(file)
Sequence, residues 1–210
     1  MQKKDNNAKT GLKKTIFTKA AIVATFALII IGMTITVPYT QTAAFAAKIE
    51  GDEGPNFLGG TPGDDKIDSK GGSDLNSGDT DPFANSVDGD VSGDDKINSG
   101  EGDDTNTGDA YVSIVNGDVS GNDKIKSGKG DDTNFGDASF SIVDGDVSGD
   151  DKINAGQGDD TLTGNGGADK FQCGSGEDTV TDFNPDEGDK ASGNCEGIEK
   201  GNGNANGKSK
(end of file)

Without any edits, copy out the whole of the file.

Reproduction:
Sequence, residues 1–210
     1  MQKKDNNAKT GLKKTIFTKA AIVATFALII IGMTITVPYT QTAAFAAKIE
    51  GDEGPNFLGG TPGDDKIDSK GGSDLNSGDT DPFANSVDGD VSGDDKINSG
   101  EGDDTNTGDA YVSIVNGDVS GNDKIKSGKG DDTNFGDASF SIVDGDVSGD
   151  DKINAGQGDD TLTGNGGADK FQCGSGEDTV TDFNPDEGDK ASGNCEGIEK
   201  GNGNANGKSK